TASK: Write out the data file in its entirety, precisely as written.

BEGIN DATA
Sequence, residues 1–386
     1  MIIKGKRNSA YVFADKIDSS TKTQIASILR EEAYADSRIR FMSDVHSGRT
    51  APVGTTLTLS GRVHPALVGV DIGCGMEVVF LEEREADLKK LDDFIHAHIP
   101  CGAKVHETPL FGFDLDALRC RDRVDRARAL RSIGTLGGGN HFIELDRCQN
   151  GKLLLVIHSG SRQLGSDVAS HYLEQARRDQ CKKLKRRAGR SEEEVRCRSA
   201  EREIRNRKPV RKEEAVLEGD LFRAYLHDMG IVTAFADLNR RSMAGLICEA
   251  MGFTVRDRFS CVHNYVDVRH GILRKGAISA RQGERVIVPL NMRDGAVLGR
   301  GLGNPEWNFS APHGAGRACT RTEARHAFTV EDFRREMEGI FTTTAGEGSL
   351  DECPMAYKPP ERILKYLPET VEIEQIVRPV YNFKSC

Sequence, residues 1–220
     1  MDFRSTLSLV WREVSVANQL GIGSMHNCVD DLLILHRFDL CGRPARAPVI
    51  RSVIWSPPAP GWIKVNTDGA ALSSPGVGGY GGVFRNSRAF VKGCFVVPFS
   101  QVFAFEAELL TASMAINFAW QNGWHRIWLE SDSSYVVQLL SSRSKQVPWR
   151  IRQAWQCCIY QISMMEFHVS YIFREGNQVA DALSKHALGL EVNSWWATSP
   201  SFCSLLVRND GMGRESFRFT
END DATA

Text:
Sequence, residues 1–386
     1  MIIKGKRNSA YVFADKIDSS TKTQIASILR EEAYADSRIR FMSDVHSGRT
    51  APVGTTLTLS GRVHPALVGV DIGCGMEVVF LEEREADLKK LDDFIHAHIP
   101  CGAKVHETPL FGFDLDALRC RDRVDRARAL RSIGTLGGGN HFIELDRCQN
   151  GKLLLVIHSG SRQLGSDVAS HYLEQARRDQ CKKLKRRAGR SEEEVRCRSA
   201  EREIRNRKPV RKEEAVLEGD LFRAYLHDMG IVTAFADLNR RSMAGLICEA
   251  MGFTVRDRFS CVHNYVDVRH GILRKGAISA RQGERVIVPL NMRDGAVLGR
   301  GLGNPEWNFS APHGAGRACT RTEARHAFTV EDFRREMEGI FTTTAGEGSL
   351  DECPMAYKPP ERILKYLPET VEIEQIVRPV YNFKSC

Sequence, residues 1–220
     1  MDFRSTLSLV WREVSVANQL GIGSMHNCVD DLLILHRFDL CGRPARAPVI
    51  RSVIWSPPAP GWIKVNTDGA ALSSPGVGGY GGVFRNSRAF VKGCFVVPFS
   101  QVFAFEAELL TASMAINFAW QNGWHRIWLE SDSSYVVQLL SSRSKQVPWR
   151  IRQAWQCCIY QISMMEFHVS YIFREGNQVA DALSKHALGL EVNSWWATSP
   201  SFCSLLVRND GMGRESFRFT